At Italy On This Day you will read about events and festivals, about important moments in history, and about the people who have made Italy the country it is today, and where they came from. Italy is a country rich in art and music, fashion and design, food and wine, sporting achievement and political diversity. Italy On This Day provides fascinating insights to help you enjoy it all the more.

13 July 2019

13 July

Jarno Trulli - racing driver and winemaker


Ex-Formula One star still winning prizes

The racing driver-turned-winemaker Jarno Trulli was born on this day in 1974 in Pescara on the Adriatic coast.  Trulli competed in Formula One from 1997 until 2011, competing in more than 250 Grand Prix.  He enjoyed his most successful season in 2004, when he represented the Mild Seven Renault team and finished sixth in the drivers’ championship.  He retired from racing in 2014-15 to focus on his winemaking business, which he had established while still competing and which now produces more than 1.2 million bottles every year.  Trulli’s Podere Castorani vineyard, situated near the village of Alanno, some 35km (22 miles) inland of Pescara, focuses largely on wines made from Abruzzo’s renowned Montepulciano grapes.   Although he was familiar with vineyards as a boy - his grandfather was a winemaker - Trulli’s parents were motorsports fans and named him after a Finnish Grand Prix motorcycling champion, Jarno Saarinen, who had been killed at the Monza circuit the year before Trulli was born.  Trulli began kart racing at the age of seven and by 17 was Karting World Champion.  Read more…


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Tommaso Buscetta - Mafia ‘pentito’


Sicilian gangster’s testimony put hundreds behind bars

The Sicilian mobster Tommaso Buscetta, who was the first major Mafia figure to break the code of omertá and pass details of organised criminal activity to the authorities, was born on this day in 1928 in Palermo.  His evidence to the celebrated anti-Mafia judge Giovanni Falcone paved the way for the so-called Maxi Trial, a process lasting six years that led to the conviction and jailing of 350 mafiosi.  Buscetta’s testimony in the Pizza Connection Trial in New York State at around the same time in the mid-1980s led to the conviction of several hundred more mobsters both in Italy and the United States, including the powerful Sicilian Mafia boss Gaetano Badalamenti.  Arguably the most shocking information he passed on to the authorities concerned Italy’s three-times former prime minister, the late Giulio Andreotti, whose links with the Cosa Nostra he exposed shortly after Falcone was murdered in May 1992, killed by a massive bomb placed under the motorway linking Palermo with the city’s international airport.  Read more…


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Giulio d’Este of Ferrara


Plots and prison ruin life of handsome son of Duke

Giulio d’Este, who spent more than half of his life in prison for taking part in a failed conspiracy against his half-brother, the Duke of Ferrara, was born on this day in 1478 in Ferrara.  He was the illegitimate son of Ercole I d’Este, an earlier Duke of Ferrara, born as a result of an affair the Duke had with Isabella Arduin, a lady in waiting to his wife.  Giulio was often in conflict with his half-brothers, Alfonso and Ippolito, which led to him eventually playing his part in a plot to assassinate them.  He had grown up in the court of Ferrara and later lived in a palace on the Via degli Angeli in Ferrara.  The first major conflict between Giulio and Ippolito arose over a musician, Don Rainaldo of Sassuolo. Rainaldo was in the service of Giulio, but Ippolito, who had by then become a Cardinal, wanted him for his chapel and so in 1504 he abducted Rainaldo and held him in the Fortress of Gesso.  Read more…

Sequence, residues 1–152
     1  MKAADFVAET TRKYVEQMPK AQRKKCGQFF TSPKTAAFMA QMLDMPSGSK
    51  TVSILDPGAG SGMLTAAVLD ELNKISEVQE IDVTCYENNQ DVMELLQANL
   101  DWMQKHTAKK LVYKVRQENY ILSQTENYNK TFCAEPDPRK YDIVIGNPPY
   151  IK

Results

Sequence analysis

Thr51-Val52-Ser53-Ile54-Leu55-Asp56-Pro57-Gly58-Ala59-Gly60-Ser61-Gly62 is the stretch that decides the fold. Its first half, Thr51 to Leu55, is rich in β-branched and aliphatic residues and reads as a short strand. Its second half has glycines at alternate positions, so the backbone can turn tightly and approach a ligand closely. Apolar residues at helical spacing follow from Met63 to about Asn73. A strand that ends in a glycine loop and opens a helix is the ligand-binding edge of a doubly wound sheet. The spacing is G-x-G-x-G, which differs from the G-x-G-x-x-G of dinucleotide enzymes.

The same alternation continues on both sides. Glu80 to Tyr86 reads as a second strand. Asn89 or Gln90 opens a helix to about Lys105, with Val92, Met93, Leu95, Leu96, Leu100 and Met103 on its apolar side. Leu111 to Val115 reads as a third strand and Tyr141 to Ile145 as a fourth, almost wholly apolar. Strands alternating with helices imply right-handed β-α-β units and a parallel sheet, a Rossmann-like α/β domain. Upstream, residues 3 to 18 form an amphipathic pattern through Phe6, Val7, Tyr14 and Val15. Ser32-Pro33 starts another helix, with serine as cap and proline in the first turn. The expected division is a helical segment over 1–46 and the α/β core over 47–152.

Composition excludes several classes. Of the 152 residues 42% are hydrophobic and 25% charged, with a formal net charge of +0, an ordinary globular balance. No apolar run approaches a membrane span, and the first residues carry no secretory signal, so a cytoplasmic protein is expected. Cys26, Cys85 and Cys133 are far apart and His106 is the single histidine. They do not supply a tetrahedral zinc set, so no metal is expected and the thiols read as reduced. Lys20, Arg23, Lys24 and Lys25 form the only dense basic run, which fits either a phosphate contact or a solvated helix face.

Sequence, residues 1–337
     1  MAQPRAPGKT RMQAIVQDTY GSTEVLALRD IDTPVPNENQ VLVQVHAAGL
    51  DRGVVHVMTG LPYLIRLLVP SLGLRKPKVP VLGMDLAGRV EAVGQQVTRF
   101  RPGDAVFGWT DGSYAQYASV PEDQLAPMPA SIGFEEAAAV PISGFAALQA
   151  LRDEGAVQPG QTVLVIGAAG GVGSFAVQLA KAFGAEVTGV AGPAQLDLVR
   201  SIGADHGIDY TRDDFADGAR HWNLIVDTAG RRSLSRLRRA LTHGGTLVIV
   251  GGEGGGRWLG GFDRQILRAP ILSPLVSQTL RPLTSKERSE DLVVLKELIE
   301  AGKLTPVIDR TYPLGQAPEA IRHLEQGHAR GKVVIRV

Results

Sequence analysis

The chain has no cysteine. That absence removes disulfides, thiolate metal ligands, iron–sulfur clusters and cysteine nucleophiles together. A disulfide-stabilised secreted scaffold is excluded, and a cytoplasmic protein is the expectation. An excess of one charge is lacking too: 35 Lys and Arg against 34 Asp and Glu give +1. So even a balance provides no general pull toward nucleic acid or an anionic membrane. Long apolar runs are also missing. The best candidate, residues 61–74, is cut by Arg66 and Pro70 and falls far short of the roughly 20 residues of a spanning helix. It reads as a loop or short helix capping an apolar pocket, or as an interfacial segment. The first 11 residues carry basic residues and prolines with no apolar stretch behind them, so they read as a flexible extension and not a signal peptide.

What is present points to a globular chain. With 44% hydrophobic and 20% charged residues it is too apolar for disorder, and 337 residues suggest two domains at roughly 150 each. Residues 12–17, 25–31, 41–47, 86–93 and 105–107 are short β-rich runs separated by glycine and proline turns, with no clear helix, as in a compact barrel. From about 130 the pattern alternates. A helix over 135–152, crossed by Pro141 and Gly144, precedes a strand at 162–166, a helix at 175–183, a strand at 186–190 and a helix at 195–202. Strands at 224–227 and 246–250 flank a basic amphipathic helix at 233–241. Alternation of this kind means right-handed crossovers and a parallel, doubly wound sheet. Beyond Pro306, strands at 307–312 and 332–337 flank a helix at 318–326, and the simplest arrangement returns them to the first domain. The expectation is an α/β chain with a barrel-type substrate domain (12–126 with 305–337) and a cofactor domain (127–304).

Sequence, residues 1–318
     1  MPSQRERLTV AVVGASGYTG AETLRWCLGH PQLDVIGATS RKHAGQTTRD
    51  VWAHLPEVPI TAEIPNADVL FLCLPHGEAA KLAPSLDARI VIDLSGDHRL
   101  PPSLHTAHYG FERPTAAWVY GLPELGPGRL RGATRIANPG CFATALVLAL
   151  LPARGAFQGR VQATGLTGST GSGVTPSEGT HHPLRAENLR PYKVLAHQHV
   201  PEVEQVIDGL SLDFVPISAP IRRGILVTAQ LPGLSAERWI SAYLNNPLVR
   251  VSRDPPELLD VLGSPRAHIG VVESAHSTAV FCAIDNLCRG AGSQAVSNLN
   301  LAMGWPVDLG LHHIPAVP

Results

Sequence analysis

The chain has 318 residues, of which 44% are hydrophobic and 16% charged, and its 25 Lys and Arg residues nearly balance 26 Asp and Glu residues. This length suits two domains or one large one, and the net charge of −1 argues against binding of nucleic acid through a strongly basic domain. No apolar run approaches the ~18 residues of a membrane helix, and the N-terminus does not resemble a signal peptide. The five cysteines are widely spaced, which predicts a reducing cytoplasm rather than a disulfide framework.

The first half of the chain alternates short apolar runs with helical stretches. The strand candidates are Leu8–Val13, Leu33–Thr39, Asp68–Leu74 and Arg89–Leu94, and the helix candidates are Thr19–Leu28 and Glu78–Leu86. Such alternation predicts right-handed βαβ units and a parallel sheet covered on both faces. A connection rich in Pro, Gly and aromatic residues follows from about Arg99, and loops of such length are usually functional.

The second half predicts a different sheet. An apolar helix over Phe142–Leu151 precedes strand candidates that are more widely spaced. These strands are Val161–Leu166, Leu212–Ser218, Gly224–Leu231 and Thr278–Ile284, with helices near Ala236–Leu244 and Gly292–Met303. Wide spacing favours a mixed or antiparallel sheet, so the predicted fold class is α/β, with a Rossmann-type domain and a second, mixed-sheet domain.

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The founding of the Carabinieri


Italy’s stylish ‘First Force’

The Carabinieri Corps was created on this day in 1814 in Italy by a resolution passed by Victor Emmanuel I of Savoy.  He established an army of mounted and foot soldiers to provide a police force, to be called Royal Carabinieri (Carabinieri Reali). The soldiers were rigorously selected ‘for their distinguished good conduct and judiciousness.’  Their task was defined as ‘to contribute to the necessary happiness of the State, which cannot be separated from protection and defence of all good subjects.’  Their functions were specified in the royal licence issued at the time, which underlined the importance of the personal skills required by the soldiers selected. It also affirmed their dual military and civil roles.  The sense of duty and high level of conduct displayed by the Carabinieri went on to win the respect of the Italian people.  They were called Carabinieri to avoid any comparisons with the former Napoleonic gendarmerie, and because they were equipped with carbines as weapons. Their dress uniform was designed to reflect the solemn image of the sovereign state, with a two cornered hat, known as the lucerna, and dark blue dress coat. The uniform is still in use today.  Read more…

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